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Does the ability to sit on a skinny bicycle seat for hours on end and pump your legs like a madman make you a great athlete or merely a guy who does better without training wheels than most people?

— Ron Borges, MSNBC Sports Commentator.

Occasionally someone in the media will say or write something so amazing at odds with reality, so colossally stupid, that I must wonder if they meant it more as satire than as a presentation of a seriously held belief. Generally I find this to be the case of anything from the mouth or pen of Ann Coulter, but this week it’s Ron Borges who appears to have either taken leave of his senses or merely decided to opine about something of which he is completely ignorant.

His article questions whether Lance Armstrong’s fourth consecutive victory in the Tour de France is a feat of athleticism and if Armstrong is an athlete at all. Borges’s argument basically boils down to this: “He rides a bike, which anybody can do. Athletes do things that not everybody can do.” This is sheer, total nonsense. The fact that I can walk down the street to the park and shoot baskets does not imply that Michael Jordan is not an athlete; nor does that fact that I can join a bunch of friends for a pick-up game of basketball mean that Barry Bonds is not an athlete. Borges writes, “Athletes, for my money, must do more with their bodies than pump their legs up and down.” OK, fair enough. Then athletes must also do more with their bodies than swing a piece of wood at a ball, put on a pair of gloves and try to pound someone else into unconsciousness, skate around on some ice after a disc of hardened rubber, or toss a rubber ball through a metal hoop. Borges’s attempt to reduce Tour de France-caliber cycling to “pumping the legs up and down” is completely disingenuous, precisely because I can describe any sport in an unflattering light.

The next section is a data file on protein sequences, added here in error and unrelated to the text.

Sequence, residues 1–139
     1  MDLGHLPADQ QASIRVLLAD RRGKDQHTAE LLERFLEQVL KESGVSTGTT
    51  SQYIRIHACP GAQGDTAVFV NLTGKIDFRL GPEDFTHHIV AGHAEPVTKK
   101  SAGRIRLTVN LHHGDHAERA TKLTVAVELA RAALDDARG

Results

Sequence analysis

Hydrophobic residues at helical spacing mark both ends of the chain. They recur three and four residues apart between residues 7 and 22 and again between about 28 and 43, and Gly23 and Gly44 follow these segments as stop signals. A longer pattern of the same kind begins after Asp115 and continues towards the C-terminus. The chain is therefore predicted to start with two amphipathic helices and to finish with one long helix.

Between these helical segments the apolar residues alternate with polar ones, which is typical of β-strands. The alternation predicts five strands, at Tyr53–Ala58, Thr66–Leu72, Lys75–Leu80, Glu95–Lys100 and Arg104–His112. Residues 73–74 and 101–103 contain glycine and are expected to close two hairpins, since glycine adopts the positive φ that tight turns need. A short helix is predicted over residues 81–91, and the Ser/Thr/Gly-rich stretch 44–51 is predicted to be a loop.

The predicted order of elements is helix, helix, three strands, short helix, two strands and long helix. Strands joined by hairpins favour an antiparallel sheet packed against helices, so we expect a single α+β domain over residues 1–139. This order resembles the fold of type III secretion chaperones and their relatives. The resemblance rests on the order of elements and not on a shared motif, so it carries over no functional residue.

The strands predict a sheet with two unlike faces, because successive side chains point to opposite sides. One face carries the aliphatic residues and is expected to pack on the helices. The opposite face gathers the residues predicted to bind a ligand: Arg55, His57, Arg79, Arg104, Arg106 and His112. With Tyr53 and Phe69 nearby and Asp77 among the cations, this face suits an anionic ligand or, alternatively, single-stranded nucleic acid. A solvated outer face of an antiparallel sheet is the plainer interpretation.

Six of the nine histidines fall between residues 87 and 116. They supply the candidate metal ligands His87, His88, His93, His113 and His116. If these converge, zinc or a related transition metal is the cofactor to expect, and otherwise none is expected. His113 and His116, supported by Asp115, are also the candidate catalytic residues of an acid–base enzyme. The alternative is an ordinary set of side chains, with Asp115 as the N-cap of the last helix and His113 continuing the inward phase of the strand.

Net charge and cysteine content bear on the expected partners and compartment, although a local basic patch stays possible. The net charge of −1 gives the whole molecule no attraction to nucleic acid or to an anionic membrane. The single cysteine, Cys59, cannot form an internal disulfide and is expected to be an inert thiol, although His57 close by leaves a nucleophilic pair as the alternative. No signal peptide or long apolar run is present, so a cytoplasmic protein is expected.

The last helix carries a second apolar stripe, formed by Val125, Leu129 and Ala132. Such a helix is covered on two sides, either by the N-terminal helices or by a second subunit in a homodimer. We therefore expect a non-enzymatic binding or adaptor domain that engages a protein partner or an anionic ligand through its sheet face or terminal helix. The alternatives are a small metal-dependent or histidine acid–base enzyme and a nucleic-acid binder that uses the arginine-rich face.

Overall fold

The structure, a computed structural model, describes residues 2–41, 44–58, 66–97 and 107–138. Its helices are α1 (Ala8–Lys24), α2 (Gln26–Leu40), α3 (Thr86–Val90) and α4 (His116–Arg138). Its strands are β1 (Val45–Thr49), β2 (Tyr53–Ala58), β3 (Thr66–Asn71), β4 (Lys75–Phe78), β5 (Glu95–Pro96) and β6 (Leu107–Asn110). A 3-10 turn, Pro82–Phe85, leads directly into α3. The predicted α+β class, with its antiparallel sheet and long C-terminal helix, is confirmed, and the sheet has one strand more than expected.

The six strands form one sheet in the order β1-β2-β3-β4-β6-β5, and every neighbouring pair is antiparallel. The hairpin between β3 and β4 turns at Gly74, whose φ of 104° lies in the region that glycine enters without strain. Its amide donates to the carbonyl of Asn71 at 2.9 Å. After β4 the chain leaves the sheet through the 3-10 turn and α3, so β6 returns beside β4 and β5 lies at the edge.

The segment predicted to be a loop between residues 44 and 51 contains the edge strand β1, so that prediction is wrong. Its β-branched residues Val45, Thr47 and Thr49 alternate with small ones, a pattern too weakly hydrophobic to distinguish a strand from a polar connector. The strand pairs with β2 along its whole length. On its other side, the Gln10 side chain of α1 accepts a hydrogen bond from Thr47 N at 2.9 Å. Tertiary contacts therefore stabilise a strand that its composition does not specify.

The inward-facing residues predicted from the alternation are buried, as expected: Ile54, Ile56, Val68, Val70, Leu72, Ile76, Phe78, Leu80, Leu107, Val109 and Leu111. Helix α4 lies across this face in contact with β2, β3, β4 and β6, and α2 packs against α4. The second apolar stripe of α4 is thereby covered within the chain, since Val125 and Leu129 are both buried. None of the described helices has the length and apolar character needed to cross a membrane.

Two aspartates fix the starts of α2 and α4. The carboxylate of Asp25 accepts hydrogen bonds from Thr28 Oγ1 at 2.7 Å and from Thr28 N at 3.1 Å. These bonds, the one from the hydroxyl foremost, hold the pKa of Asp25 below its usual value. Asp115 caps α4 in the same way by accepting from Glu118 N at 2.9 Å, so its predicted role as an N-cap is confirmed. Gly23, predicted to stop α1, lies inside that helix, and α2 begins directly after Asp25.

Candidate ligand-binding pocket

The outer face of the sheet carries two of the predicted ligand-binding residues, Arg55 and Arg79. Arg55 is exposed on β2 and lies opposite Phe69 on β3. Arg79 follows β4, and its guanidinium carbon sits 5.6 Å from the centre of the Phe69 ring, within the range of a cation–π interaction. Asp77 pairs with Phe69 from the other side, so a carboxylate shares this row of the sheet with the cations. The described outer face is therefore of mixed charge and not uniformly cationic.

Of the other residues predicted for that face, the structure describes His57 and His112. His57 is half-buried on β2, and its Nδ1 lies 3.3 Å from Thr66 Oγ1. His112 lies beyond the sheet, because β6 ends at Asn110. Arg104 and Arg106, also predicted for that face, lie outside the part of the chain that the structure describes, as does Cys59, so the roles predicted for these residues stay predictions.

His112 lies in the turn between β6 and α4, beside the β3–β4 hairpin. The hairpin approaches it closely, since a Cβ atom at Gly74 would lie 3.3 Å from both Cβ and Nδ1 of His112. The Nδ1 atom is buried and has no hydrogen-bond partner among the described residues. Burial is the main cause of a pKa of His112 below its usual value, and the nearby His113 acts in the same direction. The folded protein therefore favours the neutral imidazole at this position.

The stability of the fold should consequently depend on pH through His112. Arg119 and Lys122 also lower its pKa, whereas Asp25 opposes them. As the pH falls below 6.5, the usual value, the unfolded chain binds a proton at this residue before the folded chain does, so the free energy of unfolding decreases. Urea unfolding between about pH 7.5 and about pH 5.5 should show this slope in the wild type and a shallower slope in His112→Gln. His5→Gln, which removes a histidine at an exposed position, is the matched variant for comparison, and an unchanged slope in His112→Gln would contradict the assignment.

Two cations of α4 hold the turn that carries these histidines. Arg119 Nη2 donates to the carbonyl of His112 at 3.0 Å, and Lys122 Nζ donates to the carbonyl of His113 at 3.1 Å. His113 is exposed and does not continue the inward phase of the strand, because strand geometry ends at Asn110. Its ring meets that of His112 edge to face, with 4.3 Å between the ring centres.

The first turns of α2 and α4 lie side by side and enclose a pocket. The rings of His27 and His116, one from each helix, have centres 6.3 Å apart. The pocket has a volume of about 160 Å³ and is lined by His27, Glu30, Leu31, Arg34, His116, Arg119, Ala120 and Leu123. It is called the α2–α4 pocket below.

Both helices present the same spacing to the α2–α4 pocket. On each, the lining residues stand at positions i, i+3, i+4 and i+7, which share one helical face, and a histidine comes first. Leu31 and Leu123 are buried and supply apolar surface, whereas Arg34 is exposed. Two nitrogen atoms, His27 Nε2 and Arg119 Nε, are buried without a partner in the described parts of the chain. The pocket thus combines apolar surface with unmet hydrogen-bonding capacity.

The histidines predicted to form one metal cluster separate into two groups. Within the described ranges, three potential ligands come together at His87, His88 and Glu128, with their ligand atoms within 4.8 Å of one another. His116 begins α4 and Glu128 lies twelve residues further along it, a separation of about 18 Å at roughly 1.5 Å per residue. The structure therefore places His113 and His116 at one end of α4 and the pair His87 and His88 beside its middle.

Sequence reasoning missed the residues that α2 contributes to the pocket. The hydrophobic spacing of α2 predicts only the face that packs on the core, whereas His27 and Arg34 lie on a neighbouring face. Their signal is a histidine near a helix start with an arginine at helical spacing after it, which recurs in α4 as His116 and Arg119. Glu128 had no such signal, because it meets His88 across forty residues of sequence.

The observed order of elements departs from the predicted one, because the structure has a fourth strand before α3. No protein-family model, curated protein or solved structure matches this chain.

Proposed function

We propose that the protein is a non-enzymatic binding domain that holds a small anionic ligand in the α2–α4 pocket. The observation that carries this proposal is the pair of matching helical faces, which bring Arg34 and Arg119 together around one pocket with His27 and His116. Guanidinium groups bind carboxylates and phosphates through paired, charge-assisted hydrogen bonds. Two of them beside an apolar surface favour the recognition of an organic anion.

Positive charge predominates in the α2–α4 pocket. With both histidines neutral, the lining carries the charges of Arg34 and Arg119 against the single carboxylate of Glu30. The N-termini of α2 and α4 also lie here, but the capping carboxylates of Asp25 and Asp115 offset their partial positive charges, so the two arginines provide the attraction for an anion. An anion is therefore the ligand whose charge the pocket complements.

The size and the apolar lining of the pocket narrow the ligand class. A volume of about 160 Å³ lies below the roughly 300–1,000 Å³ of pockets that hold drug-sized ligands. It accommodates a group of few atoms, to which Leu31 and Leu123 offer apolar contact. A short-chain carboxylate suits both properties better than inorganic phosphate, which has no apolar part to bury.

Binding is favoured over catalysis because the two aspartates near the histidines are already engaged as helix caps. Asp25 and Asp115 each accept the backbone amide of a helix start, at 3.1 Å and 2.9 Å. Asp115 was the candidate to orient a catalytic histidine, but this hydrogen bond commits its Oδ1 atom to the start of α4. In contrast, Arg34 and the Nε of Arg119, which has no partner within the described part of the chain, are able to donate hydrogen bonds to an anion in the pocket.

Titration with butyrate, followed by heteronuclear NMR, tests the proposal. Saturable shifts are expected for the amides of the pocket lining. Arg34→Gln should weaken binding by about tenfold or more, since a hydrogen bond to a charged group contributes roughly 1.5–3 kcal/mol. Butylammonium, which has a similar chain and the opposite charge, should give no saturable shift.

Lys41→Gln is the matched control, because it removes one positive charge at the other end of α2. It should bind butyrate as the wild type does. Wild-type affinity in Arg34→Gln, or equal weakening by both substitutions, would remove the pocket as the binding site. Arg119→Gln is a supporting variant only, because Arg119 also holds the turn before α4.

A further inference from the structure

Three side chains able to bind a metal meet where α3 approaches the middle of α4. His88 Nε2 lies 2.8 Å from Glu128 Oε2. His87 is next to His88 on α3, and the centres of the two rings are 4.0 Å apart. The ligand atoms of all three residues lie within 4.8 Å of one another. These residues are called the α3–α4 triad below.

Here is another bit of Borges’s stupidity: How fast is he when they take the bike away? Is he as fast as Marion Jones? Is he as fast as Chipper Jones? Comparing an athlete in one sport to an athlete in another is almost always a ludicrous exercise. Consider Chipper Jones. I suppose that Borges is wondering if Jones or Armstrong would win a 50-meter sprint, or some such thing. Now, I suspect it would be Armstrong, but that’s not relevant just now. What is relevant is this: how valid is any such comparison at all? If Armstrong attempted to play third base on a major league baseball team, he would probably end up looking foolish in the field and he’d almost certainly be a disaster at the plate. Jones would wipe the floor with him. But if you put Chipper Jones on a bicycle at the bottom of one of the French Alps during the Tour de France, I doubt he would even finish the stage, much less manage to keep up with the peloton. This is no indictment of Jones as an athlete, nor would Armstrong’s inability to play baseball at major-league level reflect on him as an athlete. The skill sets demanded by the sports these two men play are completely different, and Borges’s bizarre attempt to compare the two is a non-starter.